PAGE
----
Katherine Harmon Courage, author of the recent book Octopus! The Most Mysterious Creature in the Sea, summarizes here the results of a study on octopus dietary preferences. Previously, octopus diet preferences were inferred from the collection of shells and bones around an octopus's den (this habit of octopuses-- arranging shells, bones, and sometimes shiny pieces of glass or pottery in front of its den-- inspired the hit Beatles song "Octopus's Garden"). however, that only gives evidence of hard-bodied prey items, and with little to no time-of-meal information! In this study, researchers used a method including observation and digestive tract analysis.

They found that octopuses prefer eating crab before mating; just like humans, they have preferences that shift with circumstances. It is possible that energetic demands shape their food choices over time.

This study joins a growing body of fascinating research about octopus cognition and behaviour. Past studies have demonstrated that octopuses unscrew jars, escape from almost any state of captivity, pass basic cognitive tests, and even play; they are the cognitive equals of many vertebrates! This is particularly perplexing because conventional theory says that intelligence is seen in long-lived, social vertebrates (dolphins, primates, elephants, birds); octopuses, however, are short lived, spineless, asocial beings. Further still, each of their 8 arms has a "mind of its own," with neurons spread out throughout its body so that its arms are, in a sense, autonomous beings. It is possible that the octopus form of "thinking" is totally alien to what we are used to seeing in ourselves and our vertebrate relatives.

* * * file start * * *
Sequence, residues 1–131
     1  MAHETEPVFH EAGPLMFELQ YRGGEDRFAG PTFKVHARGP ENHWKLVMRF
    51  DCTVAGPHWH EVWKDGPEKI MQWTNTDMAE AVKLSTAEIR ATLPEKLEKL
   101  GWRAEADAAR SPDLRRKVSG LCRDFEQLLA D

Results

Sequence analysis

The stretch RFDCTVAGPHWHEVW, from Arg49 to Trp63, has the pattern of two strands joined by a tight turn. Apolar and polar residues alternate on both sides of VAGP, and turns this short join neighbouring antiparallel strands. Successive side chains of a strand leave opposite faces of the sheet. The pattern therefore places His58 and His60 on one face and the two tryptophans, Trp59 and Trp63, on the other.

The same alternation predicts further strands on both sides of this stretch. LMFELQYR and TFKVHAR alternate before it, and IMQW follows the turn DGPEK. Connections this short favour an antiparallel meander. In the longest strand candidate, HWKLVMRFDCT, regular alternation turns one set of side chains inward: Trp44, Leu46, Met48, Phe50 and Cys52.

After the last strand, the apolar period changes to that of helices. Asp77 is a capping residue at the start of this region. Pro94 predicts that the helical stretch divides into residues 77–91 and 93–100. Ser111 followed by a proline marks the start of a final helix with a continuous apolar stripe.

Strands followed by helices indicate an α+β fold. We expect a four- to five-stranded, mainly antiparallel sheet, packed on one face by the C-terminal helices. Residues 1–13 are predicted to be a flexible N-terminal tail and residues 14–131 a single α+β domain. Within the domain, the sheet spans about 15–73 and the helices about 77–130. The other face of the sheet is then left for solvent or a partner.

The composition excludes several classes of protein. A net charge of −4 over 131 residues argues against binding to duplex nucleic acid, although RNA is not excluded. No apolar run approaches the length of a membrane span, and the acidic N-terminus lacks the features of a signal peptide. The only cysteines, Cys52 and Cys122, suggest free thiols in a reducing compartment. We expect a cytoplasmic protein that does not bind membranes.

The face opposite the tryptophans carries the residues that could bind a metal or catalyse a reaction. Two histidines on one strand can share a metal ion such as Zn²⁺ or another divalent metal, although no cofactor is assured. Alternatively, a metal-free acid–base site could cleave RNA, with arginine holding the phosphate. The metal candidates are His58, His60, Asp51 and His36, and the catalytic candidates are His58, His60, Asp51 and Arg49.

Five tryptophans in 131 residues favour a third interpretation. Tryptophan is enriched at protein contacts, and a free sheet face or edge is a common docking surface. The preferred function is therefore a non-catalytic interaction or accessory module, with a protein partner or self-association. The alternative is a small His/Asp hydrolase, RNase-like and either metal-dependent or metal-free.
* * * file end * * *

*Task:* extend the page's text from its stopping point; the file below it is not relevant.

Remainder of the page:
In short, we are only beginning to chip away at the complete mystery of the octopus mind. If you haven't already, I recommend setting up a google alert for "octopus cognition." It's definitely worth it,